The Indian giant's TCS makes most of its money in the U.S., while Big Blue does the bulk of its business abroad
Quick quiz: Which company is more "American"—Mumbai-based Tata Consultancy Services, or Armonk (N.Y.)-based IBM (IBM)? Evaluate the two based on where they make their sales, and the answer is surprising. TCS, India's largest tech-services company, collected 51% of its revenues in North America last quarter, while 65% of IBM's were overseas.
This juxtaposition helps explain investor reaction to the companies' most recent earnings reports. TCS stock declined by more than 10% on Apr. 21 after it reported that earnings for its fourth fiscal quarter fell short of expectations. IBM, by contrast, beat estimates on Apr. 16. Its stock is up 3% since then and 25% since mid-February.
"No Slackening of Demand"
A tale of two strategies is playing out amid shifting global economic conditions. TCS, like the other top Indian tech-services outfits, has long focused on big American and British corporations. Now that the U.S. is slipping into a recession, the Indian companies are vulnerable. TCS, though, insists its financial shortfall doesn't signal a fundamental weakness. It says a handful of U.S. clients canceled expansion plans in the fourth quarter, and the company agreed to defer payments by two big customers. "There's no slackening of demand," says N. Chandrasekaran, the company's chief operating officer. "The pipeline is good. We just had some specific situations."
IBM's strong results stem from a strategy of diversifying into emerging markets by its services business, which represents about half of overall revenues. Chief Financial Officer Mark Loughridge says IBM has a two-track approach: In the U.S., where clients are economizing, it helps them cut costs, while in emerging markets, it helps customers build out their technology infrastructure.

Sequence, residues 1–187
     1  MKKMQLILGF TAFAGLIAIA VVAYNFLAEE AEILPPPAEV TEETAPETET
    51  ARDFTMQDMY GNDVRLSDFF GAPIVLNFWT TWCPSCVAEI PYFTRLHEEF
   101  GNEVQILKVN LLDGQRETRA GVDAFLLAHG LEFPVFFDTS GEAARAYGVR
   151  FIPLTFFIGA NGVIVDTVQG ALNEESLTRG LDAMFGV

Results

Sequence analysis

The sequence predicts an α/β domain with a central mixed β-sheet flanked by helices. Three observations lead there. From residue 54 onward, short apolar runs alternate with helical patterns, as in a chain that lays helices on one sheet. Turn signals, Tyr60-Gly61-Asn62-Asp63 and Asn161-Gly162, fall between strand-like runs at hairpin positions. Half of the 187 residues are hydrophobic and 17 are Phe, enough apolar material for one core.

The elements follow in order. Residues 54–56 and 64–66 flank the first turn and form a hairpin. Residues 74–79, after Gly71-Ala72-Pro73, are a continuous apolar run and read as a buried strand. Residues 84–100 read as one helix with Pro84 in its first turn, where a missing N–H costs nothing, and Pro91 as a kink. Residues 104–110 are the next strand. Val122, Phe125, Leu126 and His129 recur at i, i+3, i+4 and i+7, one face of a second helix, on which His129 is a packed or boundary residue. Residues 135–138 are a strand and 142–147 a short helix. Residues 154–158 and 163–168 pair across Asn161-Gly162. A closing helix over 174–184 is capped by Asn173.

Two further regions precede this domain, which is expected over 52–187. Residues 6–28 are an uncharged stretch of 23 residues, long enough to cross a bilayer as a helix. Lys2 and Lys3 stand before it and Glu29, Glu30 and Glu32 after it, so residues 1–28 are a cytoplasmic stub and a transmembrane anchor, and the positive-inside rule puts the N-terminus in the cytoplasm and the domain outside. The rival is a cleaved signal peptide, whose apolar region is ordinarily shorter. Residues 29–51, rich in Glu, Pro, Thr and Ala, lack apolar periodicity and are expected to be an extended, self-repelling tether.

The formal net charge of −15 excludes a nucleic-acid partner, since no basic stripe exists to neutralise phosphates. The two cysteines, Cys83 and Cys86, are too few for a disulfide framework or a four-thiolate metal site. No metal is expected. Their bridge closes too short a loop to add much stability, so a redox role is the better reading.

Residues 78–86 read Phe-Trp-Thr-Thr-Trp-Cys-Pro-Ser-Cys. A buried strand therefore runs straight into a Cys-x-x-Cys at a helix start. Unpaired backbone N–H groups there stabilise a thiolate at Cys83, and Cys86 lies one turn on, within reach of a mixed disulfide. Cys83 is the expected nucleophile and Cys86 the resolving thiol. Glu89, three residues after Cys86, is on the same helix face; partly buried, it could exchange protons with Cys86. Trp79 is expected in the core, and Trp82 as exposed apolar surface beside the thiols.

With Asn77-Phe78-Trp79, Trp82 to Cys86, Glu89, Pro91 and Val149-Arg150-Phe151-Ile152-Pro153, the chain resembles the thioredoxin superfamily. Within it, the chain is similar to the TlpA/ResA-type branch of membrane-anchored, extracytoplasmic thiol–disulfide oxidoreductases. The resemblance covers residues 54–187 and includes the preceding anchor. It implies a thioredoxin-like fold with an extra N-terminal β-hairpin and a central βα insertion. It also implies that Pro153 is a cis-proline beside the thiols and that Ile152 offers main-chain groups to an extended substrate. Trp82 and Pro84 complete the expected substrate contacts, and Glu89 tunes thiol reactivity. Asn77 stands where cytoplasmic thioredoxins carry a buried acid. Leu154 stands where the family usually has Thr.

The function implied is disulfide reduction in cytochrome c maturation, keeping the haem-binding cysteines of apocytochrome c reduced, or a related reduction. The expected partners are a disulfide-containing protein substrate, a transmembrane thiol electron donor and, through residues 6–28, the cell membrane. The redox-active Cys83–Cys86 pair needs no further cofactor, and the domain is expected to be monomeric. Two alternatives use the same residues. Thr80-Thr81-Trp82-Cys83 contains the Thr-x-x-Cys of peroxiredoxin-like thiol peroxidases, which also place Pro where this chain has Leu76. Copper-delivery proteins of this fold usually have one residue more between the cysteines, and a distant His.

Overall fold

In India, where IBM is now the No. 1 seller of technology services, its revenues grew 41% last quarter."Our success starts with how global we are, which is intentional," says Virginia M. Rometty, who runs global business services for IBM.
IBM and Accenture: Setting the Bar?
TCS is the most geographically diversified of the top Indian tech-?services companies. Others rely on the U.S. for 60% to 70% of sales, and all are scrambling to broaden their business. TCS, which last year set up a unit targeting emerging markets, saw revenues increase 40% there in the past fiscal year. Infosys Technologies (INFY), India's No. 2 services player, on Apr. 15 warned that it might face a slowdown in demand. It, too, has launched an initiative aimed at China, India, Latin America, and the Middle East. Kris Gopalakrishnan, the company's chief executive, cautions that Infosys is playing catch-up with the likes of IBM and Accenture (ACN). "It will take three years to make a significant difference to our revenues," he says.
Meanwhile, the Indian companies aren't in a terrible spot; after all, their services are designed to help clients simplify their businesses and save money. Until the U.S. economy pulls out of the doldrums, though, they will have to sell more aggressively and plan carefully so they don't end up with too many employees, which would pinch margins.